© Patek Philippe
This is Patek Philippe's current micro-rotor automatic movement.
Calibre 240 is a venerable but respected watch movement, dating back to 1977. It uses a micro rotor for automatic winding to keep the movement as thin as possible, and thus serves as a platform for many complications in Patek Philippe's range of thin watches. To this end, most Cal. 240 movement variations omit a seconds hand. The thinnest Cal. 240 movements are just 2.53 mm thick (2.4 mm as measured by some), while even most more-complicated models are under 4 mm. The largest and thickest model in the family, Cal. 240 LU CL C, uses a special 38 mm plate and is 6.81 mm thick, quite an anomaly in this family.
Like most movements from the 1970's, Cal. 240 beats at a leisurely 21,600 A/h. This contributes to its respectable power reserve, up to 48 hours, but requires careful tuning to maintain accuracy. This is accomplished with Patek's well-known and respected two-spoke Gyromax balance which has eight internal weights for adjustment.
Calibre 240 has the distinction of de-throning one of the longest-running and most-loved watch movements of the century, Patek Philippe's Cal. 27-460. This full-rotor automatic movement lasted in production from 1960 until 1985, when the thin aspect and proven mechanics of Cal. 240 finally pushed it to retirement. The fact that Cal. 240 remains actively in use today in many of Patek Philippe's watches is telling Between this movement and Cal. 27-460 (itself closely related to the original automatic movement, Cal. 12-600 AT), these two movement designs have powered Patek Philippe's high-end automatic watches for over 60 years!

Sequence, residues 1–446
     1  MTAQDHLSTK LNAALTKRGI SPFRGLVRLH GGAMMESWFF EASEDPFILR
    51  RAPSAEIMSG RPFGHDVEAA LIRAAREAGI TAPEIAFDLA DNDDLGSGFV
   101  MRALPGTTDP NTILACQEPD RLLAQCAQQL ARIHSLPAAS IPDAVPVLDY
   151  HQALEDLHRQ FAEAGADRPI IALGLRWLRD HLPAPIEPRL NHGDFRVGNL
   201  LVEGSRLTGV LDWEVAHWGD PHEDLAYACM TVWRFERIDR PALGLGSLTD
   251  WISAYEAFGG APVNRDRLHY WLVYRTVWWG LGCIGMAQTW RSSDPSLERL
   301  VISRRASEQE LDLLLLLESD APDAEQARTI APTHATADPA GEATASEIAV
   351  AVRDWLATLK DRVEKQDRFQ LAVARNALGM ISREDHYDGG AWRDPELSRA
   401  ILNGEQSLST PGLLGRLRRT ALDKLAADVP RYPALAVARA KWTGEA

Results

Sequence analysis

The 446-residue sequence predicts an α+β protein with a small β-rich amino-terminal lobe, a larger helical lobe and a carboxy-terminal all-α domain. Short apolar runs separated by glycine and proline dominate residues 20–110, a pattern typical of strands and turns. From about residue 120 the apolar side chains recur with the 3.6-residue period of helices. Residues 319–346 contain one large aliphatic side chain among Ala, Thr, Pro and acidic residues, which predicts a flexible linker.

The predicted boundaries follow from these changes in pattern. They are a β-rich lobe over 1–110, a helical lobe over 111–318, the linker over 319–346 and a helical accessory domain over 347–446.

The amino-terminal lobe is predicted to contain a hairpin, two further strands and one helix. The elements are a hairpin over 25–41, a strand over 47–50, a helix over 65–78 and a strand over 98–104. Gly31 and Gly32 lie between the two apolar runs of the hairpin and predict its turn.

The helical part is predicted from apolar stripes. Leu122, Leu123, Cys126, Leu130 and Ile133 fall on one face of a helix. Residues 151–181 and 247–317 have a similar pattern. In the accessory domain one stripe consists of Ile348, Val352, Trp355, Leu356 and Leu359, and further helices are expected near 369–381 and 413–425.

In 2000, Patek Philippe launched an Advanced Research project to develop next-generation watch components. One major area of development was silicon escapements and balance wheels, both of which were used in a special variant of this movement, Cal. 240 Q Si. As implied, this reference includes a perpetual calendar, moon phase, and 24 hour display as on the 240 Q, but adds some novel high-tech components:
- The GyromaxSi balance wheel is an hourglass-shaped balance composed of silicon and gold weights, replacing the traditional wheel.
- The escapement wheel and anchor are constructed of silicon.
- The Spiromax hairspring is also constructed of silicon.
Patek pairs Cal. 240 with various complication modules:
|240||Ø 27.5, H 2.53||27||161||Calatrava, Golden Ellipse||No seconds|
|240/152||Moon phase indicator, power reserve, sub-seconds|
|240 HU||Ø 27.5, H 3.88||33||239||World Time 5231, 5230, World Time 7130||24 time-zones, day/night indicator for all time-zones|
|240 LU CL C||Ø 38, H 6.81||45||315||Celestial 6102||Date, Moon phase, celestial display, date by central pointer|
|240 PS C||Ø 30, H 3.43||27||Date, small seconds|
|240 PS IRM C LU||Ø 31, H 3.98||29||265||Nautilus 5712||Date, small seconds, moon phase, power reserve indicator|
|240 Q||Ø 27.5, H 3.88||27||275||Grand Complications 5327, 7140||Perpetual calendar, day, date, month, leap year and 24-hour indication by hands, moon phase|
|240 Q Si||Ø 27.5, H 3.88||27||Perpetual calendar, moon phase, 24 hour display, “Oscillomax” silicon components|
|240 SQU||Ø 27.5, H 2.53||27||159||Complications 5180||Skeletonized, no seconds|
- PP 324, the current central-rotor automatic movement